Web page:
Nights in Black Graphene by Jason Whyte
Or, how to do two weeks of camping with the minimum of outdoor clothing, courtesy of my Graphene-X kit.
We are a camping family. For most of the last decade - apart from last year, of course - we’ve spent our summer vacation camping in various scenic parts of the UK. But as our children have grown, so has the amount of gear that I have to work out how to fit in the car.
Now, I am good at packing cars. There was the time my wife and I went to les 24 Heures du Mans, and on for a two week holiday in Lot et Garonne, in a Lotus Elise. Into that magnificent little sports car’s 118 litre boot I managed to fit two bags of clothes, a tent, an inflatable mattress and pump, two sleeping bags, two camping stools, a selection of books, assorted headtorches and lights, a small camera, a disposable barbecue, a bag of foodstuffs, plates, knives and forks, a bottle of gin, a bottle of tonic, a flask of ice and two lemons. Laid out on the ground it was, all in all, twice the length of the car itself, but somehow I found a place for all of it.
In comparison, packing a people carrier for a family of five might sound like a doddle. But each year the kids need more space for themselves and for their gear, and something has to give. One of the common complaints from the family is that I pack far too much clothing for myself. I tend to want to be prepared for everything, and usually end up using only a fraction of what I take.
So this year, I set myself a challenge: as far as possible, I am only allowed to wear my Graphene-X gear, comprising in total my Alpha jacket (a Series I - though I am sorely tempted by the upcoming Series II), my GRAnaREC mid layer, two long-sleeved and two short-sleeved Layer-X tops, my Omega zip off trousers, and a few pairs of All Rounder socks. I have also packed some underwear (not yet on the Graphene-X product list - apparently Jorge hasn’t yet found a fabric suitable for the job) and an additional pair of shorts in case I need to wash the Omegas at some point.
The question is: can I get through two weeks in a tent, with all the weather conditions that British summertime can throw at me and all the activities that my family can demand of me, without wishing I’d packed a bit more gear?
Day 1: Travel, Arrival and Lions.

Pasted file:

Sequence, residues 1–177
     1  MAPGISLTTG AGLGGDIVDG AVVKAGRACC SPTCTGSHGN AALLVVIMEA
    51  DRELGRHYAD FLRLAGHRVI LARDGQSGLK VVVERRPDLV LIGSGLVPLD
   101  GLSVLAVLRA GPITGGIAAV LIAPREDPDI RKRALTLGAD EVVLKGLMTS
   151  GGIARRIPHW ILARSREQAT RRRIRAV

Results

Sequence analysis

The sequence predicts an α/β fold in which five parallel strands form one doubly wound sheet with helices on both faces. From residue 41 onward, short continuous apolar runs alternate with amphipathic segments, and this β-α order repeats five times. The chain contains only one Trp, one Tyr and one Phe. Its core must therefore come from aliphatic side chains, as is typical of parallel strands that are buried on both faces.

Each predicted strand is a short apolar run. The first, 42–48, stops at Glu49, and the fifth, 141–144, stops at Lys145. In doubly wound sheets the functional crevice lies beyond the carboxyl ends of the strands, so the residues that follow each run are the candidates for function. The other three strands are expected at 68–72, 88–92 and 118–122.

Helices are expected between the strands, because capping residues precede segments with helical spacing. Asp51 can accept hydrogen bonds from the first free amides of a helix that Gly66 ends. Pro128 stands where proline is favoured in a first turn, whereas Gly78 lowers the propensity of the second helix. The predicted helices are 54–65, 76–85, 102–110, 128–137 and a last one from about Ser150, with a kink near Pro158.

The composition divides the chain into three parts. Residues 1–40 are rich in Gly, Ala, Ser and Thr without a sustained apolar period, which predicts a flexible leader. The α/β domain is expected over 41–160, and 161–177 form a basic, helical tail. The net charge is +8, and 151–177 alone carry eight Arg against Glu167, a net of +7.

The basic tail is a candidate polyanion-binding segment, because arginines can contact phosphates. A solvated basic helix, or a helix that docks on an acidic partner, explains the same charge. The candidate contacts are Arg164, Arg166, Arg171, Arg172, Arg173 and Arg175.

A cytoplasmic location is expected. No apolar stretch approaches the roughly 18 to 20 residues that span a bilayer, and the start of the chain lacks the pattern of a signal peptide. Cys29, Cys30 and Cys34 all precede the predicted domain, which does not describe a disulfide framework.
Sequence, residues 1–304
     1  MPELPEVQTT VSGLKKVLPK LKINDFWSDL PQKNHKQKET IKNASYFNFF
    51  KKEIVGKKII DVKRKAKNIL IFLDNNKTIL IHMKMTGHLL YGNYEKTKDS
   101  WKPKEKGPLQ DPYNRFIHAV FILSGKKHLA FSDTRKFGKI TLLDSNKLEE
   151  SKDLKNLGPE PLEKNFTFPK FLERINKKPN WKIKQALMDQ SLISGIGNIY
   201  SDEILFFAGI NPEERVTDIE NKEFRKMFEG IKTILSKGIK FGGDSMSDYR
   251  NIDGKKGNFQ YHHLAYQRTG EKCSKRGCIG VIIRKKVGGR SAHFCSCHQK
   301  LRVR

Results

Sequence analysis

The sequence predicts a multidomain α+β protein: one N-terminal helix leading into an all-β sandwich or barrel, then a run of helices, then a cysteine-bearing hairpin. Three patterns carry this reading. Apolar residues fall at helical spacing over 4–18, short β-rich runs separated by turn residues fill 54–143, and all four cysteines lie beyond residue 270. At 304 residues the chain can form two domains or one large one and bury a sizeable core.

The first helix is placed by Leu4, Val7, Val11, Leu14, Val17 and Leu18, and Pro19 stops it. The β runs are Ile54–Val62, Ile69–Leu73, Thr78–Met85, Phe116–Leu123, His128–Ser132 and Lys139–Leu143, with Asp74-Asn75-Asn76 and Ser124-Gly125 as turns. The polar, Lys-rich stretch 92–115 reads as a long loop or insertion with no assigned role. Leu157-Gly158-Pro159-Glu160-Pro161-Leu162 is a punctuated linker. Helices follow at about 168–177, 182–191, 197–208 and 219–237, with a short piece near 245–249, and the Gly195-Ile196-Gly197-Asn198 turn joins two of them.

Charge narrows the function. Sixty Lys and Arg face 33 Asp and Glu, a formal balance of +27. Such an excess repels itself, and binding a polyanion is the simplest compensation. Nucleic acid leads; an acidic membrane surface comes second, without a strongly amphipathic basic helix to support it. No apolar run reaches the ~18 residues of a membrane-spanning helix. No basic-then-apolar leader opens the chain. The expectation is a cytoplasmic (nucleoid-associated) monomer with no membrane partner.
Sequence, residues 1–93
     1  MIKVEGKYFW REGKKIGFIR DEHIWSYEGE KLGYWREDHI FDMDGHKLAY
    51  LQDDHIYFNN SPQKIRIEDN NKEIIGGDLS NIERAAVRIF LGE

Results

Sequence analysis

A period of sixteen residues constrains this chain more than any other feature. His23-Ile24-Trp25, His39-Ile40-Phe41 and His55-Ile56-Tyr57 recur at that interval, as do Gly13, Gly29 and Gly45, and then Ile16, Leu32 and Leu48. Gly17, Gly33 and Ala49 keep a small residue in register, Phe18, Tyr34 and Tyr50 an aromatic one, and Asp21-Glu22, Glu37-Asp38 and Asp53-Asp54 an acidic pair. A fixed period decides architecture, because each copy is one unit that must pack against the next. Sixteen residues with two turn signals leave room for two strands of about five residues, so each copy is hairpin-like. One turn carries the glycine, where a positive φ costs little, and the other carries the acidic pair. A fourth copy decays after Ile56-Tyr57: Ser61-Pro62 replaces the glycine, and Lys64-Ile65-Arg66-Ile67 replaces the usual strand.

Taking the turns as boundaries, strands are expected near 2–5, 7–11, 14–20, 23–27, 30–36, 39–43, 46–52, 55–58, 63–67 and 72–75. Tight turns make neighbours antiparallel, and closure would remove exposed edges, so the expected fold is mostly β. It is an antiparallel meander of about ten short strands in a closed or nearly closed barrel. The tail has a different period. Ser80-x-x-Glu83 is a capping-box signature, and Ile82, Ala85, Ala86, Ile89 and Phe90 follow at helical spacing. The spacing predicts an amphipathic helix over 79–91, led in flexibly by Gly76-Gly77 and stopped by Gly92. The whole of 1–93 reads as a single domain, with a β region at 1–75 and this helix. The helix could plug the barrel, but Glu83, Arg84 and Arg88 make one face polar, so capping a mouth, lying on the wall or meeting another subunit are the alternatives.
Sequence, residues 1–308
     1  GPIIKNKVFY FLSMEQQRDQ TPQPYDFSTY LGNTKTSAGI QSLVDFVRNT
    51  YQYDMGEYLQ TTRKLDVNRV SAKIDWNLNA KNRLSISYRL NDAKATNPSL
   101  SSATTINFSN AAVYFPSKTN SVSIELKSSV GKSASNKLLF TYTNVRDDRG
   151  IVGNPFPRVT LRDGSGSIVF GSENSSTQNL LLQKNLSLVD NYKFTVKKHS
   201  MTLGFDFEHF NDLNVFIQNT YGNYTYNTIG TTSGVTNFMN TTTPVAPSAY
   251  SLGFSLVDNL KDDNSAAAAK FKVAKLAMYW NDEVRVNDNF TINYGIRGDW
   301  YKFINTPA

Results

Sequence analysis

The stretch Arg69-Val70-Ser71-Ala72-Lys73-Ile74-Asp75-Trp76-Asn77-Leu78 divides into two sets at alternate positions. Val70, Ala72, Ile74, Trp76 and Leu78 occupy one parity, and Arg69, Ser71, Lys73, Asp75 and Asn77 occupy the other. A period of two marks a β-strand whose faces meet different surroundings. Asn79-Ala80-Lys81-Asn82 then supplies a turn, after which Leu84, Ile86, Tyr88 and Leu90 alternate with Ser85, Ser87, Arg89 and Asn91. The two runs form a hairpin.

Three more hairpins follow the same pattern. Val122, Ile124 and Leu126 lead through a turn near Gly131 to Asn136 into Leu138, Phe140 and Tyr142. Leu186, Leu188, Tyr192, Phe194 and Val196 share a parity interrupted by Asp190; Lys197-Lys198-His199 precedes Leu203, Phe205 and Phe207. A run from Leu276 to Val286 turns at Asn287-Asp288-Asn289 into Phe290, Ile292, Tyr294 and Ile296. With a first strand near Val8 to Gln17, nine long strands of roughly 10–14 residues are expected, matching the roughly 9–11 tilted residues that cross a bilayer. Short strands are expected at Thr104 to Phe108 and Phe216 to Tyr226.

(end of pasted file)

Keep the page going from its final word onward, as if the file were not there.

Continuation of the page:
Our check-in time at the campsite is mid afternoon, so we decided against our traditional early start. Today I’m wearing my Omegas and a short-sleeved Layer-X, plus the Alpha jacket is kept handy in case it rains.
The first task of the day is loading the car. The single biggest item is our Berghaus Air 6 tent, but around it we have to fit 5 inflatable sleeping mats, 5 sleeping bags, 5 collapsible chairs, 1 large and 2 small collapsible tables, an electric cooker and electrical hookup cable, 2 Trangia meths stoves, a portable fire pit, a shower tent and camping shower, 5 bags of personal effects, knives, forks, spoons, cooking implements, the contents of the fridge, bags of toiletries, some exercise gear, various personal electronic devices deemed essential, some toys and games, the leftover firewood and charcoal from our last trip, some presents for family we are visiting during our stay, our bags of clothes, snacks and drinks for the journey. Plus the things that live in the car anyway: warning triangle, tyre inflator and repair kit, and a first aid kit.
This requires some ingenuity. The first trick is to fit as much as possible under the rear seats (usually the folding chairs, cables and headlamps), and to use the gap between the seats and the boot floor for as much of the squishy stuff (mats and sleeping bags) as possible. Then the tent bag, big enough that I could curl up inside it myself, goes in. After that, I arrange the other bags across the remaining space, stacking things up so as to leave a sliver of rear view. A couple of things that we might need en route go under the kids’ legs, and they cocoon themselves in their pillows and blankets.
My children are of an age where little I do impresses them, but my son describes my packing strategy as “like watching a game of three dimensional Tetris”, which I will take as a compliment.
Heaving our camping kit around and squeezing it into the car is hard work, and by the time we are ready to go I am hot and perspiring despite the relatively cool weather. However, I’m pretty confident that my kit will cool me down and dry off over the journey, and still be wearable at the end of it.